BEIRUT (Reuters) - The U.S. ambassador in Lebanon said on Monday the page had been turned on an incident sparked by a court ruling banning media in the country from interviewing her after she heaped criticism on the Iran-backed Shi’ite group Hezbollah.
A Shi’ite judge in the southern city of Tyre ruled on Saturday that comments made by Ambassador Dorothy Shea had incited sectarian strife, and banned media in Lebanon from interviewing her for a year.
The foreign minister in Lebanon’s Hezbollah-backed government summoned Shea to the ministry on Monday.
“We turned the page on this unfortunate distraction so we could all focus on the real crisis at end, which is the deteriorating economic situation in Lebanon,” Shea told journalists at the foreign ministry after the meeting.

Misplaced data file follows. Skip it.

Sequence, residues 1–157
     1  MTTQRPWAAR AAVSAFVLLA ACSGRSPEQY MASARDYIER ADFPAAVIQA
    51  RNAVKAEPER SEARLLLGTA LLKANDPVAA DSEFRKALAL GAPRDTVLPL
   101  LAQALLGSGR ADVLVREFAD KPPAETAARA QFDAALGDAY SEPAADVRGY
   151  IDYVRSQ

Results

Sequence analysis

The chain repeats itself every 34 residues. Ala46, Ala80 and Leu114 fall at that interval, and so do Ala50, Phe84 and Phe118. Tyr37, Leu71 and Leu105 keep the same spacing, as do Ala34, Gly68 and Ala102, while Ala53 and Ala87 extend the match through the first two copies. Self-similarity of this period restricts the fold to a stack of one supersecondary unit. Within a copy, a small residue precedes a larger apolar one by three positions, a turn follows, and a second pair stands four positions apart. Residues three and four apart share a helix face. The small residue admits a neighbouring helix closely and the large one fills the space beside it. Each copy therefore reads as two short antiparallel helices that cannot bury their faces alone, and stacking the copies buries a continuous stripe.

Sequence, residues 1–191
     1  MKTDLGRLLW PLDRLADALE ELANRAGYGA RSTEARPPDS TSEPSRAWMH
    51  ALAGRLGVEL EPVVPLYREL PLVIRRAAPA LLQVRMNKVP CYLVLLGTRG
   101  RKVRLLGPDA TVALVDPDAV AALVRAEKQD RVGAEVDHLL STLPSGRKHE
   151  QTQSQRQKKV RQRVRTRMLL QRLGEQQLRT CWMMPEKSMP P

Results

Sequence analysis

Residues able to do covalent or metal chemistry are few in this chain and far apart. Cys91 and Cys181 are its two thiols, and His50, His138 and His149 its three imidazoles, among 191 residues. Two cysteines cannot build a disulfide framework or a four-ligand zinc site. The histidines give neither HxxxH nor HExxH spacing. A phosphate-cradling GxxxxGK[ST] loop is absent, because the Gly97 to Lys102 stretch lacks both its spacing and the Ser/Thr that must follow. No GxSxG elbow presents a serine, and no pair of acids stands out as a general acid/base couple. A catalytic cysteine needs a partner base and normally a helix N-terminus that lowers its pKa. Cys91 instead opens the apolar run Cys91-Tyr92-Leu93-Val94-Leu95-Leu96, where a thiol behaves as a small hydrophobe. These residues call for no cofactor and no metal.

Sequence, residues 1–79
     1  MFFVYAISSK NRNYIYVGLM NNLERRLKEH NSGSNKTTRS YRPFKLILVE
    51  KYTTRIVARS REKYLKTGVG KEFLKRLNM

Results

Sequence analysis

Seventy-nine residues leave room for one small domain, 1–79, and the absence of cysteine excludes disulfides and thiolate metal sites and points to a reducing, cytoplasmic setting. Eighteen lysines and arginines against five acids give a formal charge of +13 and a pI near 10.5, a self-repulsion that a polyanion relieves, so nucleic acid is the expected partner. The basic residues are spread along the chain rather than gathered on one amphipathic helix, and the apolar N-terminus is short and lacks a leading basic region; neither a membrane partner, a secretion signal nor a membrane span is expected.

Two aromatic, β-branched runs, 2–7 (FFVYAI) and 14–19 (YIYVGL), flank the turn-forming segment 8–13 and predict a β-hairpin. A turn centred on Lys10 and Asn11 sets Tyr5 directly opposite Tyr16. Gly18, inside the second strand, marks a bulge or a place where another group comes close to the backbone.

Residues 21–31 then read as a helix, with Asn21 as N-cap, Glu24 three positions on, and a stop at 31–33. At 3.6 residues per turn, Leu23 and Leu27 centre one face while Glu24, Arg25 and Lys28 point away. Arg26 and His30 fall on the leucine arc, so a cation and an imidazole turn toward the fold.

The United States classifies Hezbollah as a terrorist group.
Foreign Minister Nassif Hitti emphasised the importance of media freedom and the right to free expression during the meeting, the ministry said in a statement.
Lebanon is grappling with an acute economic crisis seen as the worst threat to its stability since the 1975-90 civil war.
Writing by Tom Perry; Editing by Nick Tattersall